Colby's living her best life: as a popular food blogger, she gets to fulfill her dreams of exploring the globe. But her world comes crashing down when a tragic accident leaves her co-guardian of her best friend's two adorable children. Not only does she need to put down roots—fast—but she'll be sharing custody with the one man she can't stand sharing a continent with, let alone a house.
Accountant-extraordinaire Rip values rules and plans. But when he loses his sister and his best friend and becomes an insta-guardian all in one night, Rip sees his organized life imploding. What he really doesn't need is his sister's irresponsible, flighty—albeit kind and gorgeous—best friend making it worse.
Rip doesn't trust Colby to take their new responsibilities seriously, while Colby can't believe Rip thinks children will thrive under his rigid control. Yet soon Rip and Colby discover they need each other more than they hate each other. Could it be possible that following their hearts is just what their new little family needs?
I've not read this author before and didn't really know what to expect when I began The Godparent Trap. The subject matter had the potential to be fraught with emotion but looking at the cover of the novel, one could reasonably expect the story to be a lighthearted romcom. It was both...and so much more than I expected.
The launching point for this story is the sudden, tragic death of a young husband and wife, leaving behind two young children, along with a brother and best friend designated to care for them. A brother and best friend who are polar opposites, had one disastrous date years ago, and have been adversaries ever since. They don't like each other, don't understand each other, and can't deny the simmering attraction that simmers below the surface in spite of that. Throw them into an emotionally volatile situation where they have to live and work together to care for two kids and, oh yeah, it's going to be messy.
One of the things I most appreciated about this book was that Van Dyken didn't shy away from those messy emotions that are part and parcel of navigating grief. Some of the scenes were heartbreaking and took me straight back to my own grief after losing loved ones but others had me laughing out loud and elicited memories of doing the same in similar situations. The evolving relationship between Colby and Rip - and the children - was raw, real, hilarious in many parts, and poignant in others. Rip and Colby really were enemies in the beginning with the author using biting humor and disdain (especially on Rip's part) to bring that point home. Kudos to her for giving them no easy fixes, which would have been easy to do. Instead, she took them on a winding journey filled with real-life challenges, attitude adjustments, eye-opening experiences (having full responsibility for two young children will do that), heart-tugging romance, and a slow awakening of possibilities.
Both humor and emotional depth are strong in this story, one equally balanced by the other. The characters are well developed, relatable, and felt very authentic. I was fully invested in Colby, Rip (once he got rid of that stick up his...and we began to see his heart), the kids, and let's not forget Rip's self-appointed, chatty best friend, Banks, the architect of more than a few of the humorous scenes in this story. Everyone should have a best friend that invested in your happiness. I adored him.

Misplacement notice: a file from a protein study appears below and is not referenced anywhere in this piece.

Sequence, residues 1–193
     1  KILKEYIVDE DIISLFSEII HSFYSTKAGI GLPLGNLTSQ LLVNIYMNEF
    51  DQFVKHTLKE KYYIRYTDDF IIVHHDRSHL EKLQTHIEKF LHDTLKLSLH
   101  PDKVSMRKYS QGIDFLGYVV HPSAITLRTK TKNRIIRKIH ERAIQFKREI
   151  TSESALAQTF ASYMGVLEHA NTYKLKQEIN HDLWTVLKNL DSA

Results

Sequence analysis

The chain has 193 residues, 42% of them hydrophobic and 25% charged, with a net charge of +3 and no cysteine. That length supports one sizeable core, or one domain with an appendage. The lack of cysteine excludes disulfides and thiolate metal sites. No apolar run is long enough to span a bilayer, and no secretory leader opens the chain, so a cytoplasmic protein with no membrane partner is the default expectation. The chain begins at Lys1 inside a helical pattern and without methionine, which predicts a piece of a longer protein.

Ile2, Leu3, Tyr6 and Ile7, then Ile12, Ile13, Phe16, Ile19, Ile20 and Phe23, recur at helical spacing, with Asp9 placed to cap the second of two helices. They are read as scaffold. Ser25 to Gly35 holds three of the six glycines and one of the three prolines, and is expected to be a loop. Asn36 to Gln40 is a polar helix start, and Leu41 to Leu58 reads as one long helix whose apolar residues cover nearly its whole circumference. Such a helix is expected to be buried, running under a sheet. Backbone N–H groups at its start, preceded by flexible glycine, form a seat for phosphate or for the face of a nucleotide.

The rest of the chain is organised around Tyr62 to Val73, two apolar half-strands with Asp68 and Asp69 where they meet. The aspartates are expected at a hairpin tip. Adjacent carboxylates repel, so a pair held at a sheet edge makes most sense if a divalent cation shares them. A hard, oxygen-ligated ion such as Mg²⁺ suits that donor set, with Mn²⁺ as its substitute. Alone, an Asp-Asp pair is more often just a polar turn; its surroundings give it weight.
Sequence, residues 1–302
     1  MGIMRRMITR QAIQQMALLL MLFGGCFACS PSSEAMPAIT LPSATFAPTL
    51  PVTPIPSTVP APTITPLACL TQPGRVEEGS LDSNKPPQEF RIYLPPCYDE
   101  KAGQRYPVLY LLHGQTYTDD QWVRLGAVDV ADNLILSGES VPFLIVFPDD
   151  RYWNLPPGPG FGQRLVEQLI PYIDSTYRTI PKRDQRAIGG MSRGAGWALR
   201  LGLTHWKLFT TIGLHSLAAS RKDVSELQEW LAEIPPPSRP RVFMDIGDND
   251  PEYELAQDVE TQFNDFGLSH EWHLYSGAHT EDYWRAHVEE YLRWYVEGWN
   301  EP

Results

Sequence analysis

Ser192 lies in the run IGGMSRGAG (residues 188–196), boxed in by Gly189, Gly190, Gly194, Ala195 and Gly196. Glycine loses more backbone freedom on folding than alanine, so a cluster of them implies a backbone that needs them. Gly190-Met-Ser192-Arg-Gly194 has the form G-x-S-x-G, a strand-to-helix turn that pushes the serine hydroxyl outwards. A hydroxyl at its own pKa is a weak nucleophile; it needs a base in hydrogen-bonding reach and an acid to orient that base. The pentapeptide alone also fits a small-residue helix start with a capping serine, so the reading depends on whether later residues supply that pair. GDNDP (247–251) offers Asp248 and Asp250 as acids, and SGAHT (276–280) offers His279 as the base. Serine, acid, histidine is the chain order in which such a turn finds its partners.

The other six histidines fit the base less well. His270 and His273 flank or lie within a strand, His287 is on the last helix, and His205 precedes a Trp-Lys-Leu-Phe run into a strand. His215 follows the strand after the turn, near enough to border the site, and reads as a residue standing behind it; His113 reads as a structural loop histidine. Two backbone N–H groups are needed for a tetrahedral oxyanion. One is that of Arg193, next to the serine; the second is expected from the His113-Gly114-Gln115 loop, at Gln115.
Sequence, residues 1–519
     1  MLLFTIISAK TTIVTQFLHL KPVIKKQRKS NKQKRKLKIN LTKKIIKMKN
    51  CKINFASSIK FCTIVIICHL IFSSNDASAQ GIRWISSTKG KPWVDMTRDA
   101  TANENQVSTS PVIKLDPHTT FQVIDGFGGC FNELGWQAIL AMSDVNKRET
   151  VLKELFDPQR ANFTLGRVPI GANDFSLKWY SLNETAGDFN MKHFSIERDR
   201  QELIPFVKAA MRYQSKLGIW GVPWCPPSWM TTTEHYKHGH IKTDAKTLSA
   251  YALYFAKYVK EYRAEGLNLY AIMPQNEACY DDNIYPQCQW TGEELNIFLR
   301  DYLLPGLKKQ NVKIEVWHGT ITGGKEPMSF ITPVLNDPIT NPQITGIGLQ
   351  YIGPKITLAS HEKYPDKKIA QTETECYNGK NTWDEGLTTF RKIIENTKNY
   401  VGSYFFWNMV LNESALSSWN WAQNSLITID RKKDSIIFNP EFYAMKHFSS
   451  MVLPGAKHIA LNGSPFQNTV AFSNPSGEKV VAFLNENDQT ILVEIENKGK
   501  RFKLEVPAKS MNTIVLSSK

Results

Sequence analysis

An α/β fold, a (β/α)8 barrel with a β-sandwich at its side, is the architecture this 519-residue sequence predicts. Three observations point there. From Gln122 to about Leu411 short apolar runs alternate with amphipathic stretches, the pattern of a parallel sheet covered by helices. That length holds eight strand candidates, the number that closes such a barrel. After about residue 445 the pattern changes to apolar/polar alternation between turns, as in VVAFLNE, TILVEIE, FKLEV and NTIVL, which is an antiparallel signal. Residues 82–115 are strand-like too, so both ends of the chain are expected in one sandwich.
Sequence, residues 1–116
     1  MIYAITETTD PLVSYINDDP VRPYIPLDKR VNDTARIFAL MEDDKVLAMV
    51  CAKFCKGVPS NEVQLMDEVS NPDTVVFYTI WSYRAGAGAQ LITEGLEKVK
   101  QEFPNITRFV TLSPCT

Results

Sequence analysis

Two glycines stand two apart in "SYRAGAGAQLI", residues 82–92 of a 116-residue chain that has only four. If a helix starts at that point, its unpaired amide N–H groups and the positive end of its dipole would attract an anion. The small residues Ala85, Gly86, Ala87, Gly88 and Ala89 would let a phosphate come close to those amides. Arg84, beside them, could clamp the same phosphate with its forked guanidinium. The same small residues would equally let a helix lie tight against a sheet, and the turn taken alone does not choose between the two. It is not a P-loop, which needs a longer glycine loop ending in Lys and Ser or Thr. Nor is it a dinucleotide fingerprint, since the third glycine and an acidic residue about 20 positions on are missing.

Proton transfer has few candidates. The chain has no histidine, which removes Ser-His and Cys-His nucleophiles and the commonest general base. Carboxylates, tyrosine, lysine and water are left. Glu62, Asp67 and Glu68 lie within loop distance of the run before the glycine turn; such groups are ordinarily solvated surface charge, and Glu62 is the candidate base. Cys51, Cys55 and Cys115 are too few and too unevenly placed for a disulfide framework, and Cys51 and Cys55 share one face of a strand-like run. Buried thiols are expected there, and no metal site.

I recommend adding The Godparent Trap to your summer reading list. Keep the tissues handy but be prepared for plenty of laughter too, along with a satisfying HEA and some surprises along the way.
Tell me about a book that had you laughing and crying in equal measure.
One randomly chosen person who posts a comment before 11:00 PM, July 29 will receive a print copy of The Godparent Trap.
*Must be 18
*Void where prohibited
Great review! The Brightest Star in Paris by Diana Biller had me laughing and crying in equal measure. It’s a really great historical romance that balances angst and humorReplyDelete
This has been on my radar! I lookforward to reading it!ReplyDelete
This one sounds so good! I'd love to read it :)ReplyDelete
I love Rachel's books and this looks great. A good laughing/crying book is anything by Samantha Young or Kristen Ashley. The Will and On Dublin Street.ReplyDelete
""I have yet to find a book to make me really laugh! thanks for hosting this💗" ...Comment by Mena Sutphin. So sorry you're having trouble posting to the blog, Mena!ReplyDelete
I'm more likely to laugh in a book than to cry. I honestly can't think of a book that did both.ReplyDelete
This sounds like a wonderful read. It sounds like she presents the situation of such a loss pretty accurately. There are tears and grief, but also good memories and laughter. I appreciate an author that takes the time to develop and explore the characters and doesn't give them any easy ways out. Life isn't that way and it is good to see that it can still be successfully navigated.ReplyDelete
I know I have read books that have had me laughing and crying, but I just had surgery and the anesthesia seems to have made my memory a bit more fuzzy than usual. Very frustrating. There is a title, just out of reach.
Anyway, thank you for the review and recommendation. This will go on my ever growing wish list.
This book sounds captivating and memorable. A book which caught me laughing and crying was Vacationland by Meg Mitchell Moore.ReplyDelete
This book is perfect and a real treasure. Stonebridge made me laugh and cry at intervals.ReplyDelete
The Reading List. It was heartbreaking and delightful at the same time.ReplyDelete
Any book by Rebecca Yarros will do that, for sure! Rachel VanDyken can do it well, as you found out! I hadn't heard of this book so am glad you highlighted it and enjoyed it.ReplyDelete
Kathleen Bylsma , same name on my Facebook page
I have enjoyed Bachelors Of Arizona series.ReplyDelete
Laughter and Tears- Jill Shalvis’ The Lemon Sisters